scorecardresearchWhy the falling Rupee isn't benefiting the Indian IT sector
JP Morgan has downgraded the Indian IT services sector to 'underweight' and reduced several target prices by 10-20%.

Why the falling Rupee isn't benefiting the Indian IT sector

Updated: 20 May 2022, 03:53 PM IST
TL;DR.
The US market accounts for 40-78 per cent of revenues for Indian IT firms, with the big five – Tata Consultancy Services, Infosys, Wipro, HCL Technologies, and Tech Mahindra – accounting for more than half.

The Nifty IT index fell 5.74 per cent to 28352.15 points on Thursday, owing to recession fears, downgrades by JP Morgan and a sell-off in US markets. So far, the IT index has dropped 26% from a record high of 39,446.70.

In 2021, the Nifty IT index increased by 59 per cent, owing to substantial earnings growth for IT companies as a result of digital transformation transactions in the United States and Europe.

Meanwhile, the Indian IT industry is an export-oriented sector, which means that when the rupee falls, IT businesses benefit because it increases their profit margins. Big IT companies get a large portion of their revenue in dollars from US clients.

But that is not the case in the IT sector right now. The Rupee closed at a fresh all-time low of 77.73 versus the dollar on Thursday, the fifth record low close in the previous ten trading sessions.

The Rupee has depreciated 1.6 per cent in one month. During the same time period, the Nifty IT fell 9.7 per cent. This clearly tells us both are moving in a negative correlation, which means both are moving in the opposite direction. 
The Rupee has depreciated 1.6 per cent in one month. During the same time period, the Nifty IT fell 9.7 per cent. This clearly tells us both are moving in a negative correlation, which means both are moving in the opposite direction.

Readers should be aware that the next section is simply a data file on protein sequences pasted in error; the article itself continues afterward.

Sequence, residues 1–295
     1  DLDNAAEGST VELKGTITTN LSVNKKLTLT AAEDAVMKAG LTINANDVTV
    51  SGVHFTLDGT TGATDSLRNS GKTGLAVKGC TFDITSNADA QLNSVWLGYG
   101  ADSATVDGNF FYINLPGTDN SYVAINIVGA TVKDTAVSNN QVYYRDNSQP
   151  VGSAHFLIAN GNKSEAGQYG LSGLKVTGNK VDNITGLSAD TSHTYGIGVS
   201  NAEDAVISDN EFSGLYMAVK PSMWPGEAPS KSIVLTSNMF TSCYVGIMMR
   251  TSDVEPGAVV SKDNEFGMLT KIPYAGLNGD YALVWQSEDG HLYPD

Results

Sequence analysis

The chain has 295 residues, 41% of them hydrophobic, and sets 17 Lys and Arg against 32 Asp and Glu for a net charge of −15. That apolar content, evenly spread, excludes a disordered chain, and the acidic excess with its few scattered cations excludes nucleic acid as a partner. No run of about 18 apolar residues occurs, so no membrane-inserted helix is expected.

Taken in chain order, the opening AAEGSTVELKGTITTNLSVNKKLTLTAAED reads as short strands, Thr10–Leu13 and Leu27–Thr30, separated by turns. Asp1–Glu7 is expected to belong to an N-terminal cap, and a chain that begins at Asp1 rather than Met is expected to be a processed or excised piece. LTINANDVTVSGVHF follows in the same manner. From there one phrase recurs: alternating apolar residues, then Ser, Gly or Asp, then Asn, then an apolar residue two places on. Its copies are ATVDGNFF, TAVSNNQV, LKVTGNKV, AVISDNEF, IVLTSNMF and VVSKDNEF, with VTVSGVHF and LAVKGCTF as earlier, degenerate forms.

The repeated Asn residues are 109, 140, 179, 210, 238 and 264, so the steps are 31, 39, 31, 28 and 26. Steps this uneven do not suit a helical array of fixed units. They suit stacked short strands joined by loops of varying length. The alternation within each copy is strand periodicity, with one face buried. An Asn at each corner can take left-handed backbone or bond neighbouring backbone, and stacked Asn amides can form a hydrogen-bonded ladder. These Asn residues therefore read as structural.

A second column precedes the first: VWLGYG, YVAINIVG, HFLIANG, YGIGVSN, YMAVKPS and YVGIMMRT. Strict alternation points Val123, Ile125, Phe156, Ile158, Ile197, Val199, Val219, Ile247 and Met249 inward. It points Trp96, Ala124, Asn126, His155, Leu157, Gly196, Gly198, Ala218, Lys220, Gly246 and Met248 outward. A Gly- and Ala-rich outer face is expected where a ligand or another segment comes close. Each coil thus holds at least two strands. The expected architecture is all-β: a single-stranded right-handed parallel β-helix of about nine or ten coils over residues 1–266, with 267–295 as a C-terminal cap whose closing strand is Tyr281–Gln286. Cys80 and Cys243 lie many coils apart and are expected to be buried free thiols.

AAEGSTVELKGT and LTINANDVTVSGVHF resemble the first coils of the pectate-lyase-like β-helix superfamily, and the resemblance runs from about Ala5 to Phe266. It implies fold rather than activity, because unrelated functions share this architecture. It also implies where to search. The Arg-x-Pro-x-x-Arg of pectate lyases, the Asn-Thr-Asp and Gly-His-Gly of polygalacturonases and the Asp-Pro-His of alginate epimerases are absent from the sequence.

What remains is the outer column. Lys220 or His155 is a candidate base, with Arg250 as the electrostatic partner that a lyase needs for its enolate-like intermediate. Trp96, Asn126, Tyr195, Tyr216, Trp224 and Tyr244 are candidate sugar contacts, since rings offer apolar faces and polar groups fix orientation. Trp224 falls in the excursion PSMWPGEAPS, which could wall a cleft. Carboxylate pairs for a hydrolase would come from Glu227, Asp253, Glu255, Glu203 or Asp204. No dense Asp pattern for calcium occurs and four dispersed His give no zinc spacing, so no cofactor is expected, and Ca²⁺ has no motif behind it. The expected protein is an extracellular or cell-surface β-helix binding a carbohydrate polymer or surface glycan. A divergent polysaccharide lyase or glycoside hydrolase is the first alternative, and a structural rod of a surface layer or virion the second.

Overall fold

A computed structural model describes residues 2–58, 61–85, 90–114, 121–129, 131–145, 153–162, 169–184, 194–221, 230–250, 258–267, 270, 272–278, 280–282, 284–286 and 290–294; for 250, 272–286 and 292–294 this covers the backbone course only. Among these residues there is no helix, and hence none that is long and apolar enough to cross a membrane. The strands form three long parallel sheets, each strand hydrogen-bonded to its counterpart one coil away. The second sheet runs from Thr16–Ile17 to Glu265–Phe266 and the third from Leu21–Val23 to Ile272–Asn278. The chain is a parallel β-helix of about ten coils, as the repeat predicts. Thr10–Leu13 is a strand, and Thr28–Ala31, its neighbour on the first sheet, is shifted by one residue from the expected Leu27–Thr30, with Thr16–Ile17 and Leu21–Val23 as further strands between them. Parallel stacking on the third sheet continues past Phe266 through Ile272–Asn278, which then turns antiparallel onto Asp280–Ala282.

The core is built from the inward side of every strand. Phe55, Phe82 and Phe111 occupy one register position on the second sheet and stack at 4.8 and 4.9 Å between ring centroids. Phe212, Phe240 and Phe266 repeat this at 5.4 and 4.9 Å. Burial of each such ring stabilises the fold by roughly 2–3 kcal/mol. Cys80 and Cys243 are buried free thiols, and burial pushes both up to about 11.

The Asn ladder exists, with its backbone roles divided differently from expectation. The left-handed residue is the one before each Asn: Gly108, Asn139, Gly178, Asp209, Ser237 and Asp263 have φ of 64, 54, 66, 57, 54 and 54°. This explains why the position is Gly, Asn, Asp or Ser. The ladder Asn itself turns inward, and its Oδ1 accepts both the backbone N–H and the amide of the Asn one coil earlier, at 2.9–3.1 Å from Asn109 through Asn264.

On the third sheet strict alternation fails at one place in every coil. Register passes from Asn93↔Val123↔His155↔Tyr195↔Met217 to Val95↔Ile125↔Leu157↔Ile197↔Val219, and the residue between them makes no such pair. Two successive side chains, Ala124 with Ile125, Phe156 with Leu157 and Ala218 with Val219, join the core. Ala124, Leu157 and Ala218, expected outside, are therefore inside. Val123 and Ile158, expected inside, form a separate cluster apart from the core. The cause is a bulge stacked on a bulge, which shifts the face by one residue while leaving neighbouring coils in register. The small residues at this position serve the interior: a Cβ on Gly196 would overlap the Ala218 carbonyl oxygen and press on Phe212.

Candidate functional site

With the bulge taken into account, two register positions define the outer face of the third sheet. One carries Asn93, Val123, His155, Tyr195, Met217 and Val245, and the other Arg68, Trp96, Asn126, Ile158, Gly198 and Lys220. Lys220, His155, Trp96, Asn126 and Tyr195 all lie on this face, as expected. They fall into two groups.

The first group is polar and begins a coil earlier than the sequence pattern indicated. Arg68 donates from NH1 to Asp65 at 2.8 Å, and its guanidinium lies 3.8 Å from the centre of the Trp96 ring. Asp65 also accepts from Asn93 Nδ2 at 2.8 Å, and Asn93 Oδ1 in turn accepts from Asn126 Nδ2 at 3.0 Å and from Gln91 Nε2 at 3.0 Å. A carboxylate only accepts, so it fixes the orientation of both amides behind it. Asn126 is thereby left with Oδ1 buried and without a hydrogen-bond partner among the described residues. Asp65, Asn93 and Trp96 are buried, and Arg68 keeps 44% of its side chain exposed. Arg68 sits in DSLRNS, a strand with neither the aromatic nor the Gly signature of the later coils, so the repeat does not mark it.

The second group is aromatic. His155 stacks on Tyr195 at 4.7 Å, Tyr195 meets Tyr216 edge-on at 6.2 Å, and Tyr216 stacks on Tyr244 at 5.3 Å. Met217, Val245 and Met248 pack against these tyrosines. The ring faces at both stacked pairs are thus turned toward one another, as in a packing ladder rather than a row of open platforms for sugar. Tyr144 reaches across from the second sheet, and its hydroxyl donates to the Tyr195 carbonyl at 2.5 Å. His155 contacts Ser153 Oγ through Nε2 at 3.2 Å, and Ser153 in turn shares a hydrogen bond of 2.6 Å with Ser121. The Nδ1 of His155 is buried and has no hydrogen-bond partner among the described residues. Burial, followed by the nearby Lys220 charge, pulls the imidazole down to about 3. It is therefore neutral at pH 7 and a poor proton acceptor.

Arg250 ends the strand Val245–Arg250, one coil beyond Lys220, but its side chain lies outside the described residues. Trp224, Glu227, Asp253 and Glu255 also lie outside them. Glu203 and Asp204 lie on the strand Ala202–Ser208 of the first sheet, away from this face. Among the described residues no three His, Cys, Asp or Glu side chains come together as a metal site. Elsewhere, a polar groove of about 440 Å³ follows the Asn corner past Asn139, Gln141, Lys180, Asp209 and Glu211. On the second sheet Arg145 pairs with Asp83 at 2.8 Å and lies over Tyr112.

So, why isn't the Indian IT sector benefiting from the rupee depreciation? The following are some key reasons:

Downgrades

JP Morgan has downgraded the Indian IT services sector to 'underweight' and reduced several target prices by 10-20%.

Indian IT growth was accelerating till the third quarter of 2022 and has begun to slow down from the fourth quarter, which is likely to worsen into FY23 from tougher comps, supply issues, and eventually a worsening macro. With peak sector growth behind, growth deceleration should continue to weigh on sector multiples, JP Morgan said.

Tata Consultancy Services, HCL Technology, Wipro, and L&T Technology have been downgraded from neutral to underweight, with target prices reduced by 15–21%.

CompaniesCurrent TP (Rs)Previous TP (Rs)
TCS3,1003,900
HCL Tech9501,150
Wipro430520
L&T Tech3,2004,500

Indian tech services are the most expensive service names globally, at a premium to digital native peers and Accenture, and at par with enterprise software that appears unsustainable. "Sector reverse DCFs suggest that the market is still baking in 6–13% growth for Tier 1s and 14–33% growth for midcaps over the next decade; that seems optimistic given that this remains a late cyclical sector for most names," according to the JP Morgan report.

However, the brokerage is overweight on Infosys, Mphasis, Persistent Systems and Tech Mahindra.

On the other hand, domestic brokerage firm Nirmal Bang Equities, too, has slashed both target PE multiples as well as FY24 earnings estimates for the sector amid margin concerns.

The brokerage firm believes that the sector's expected pain will be felt sooner in terms of valuation and earnings.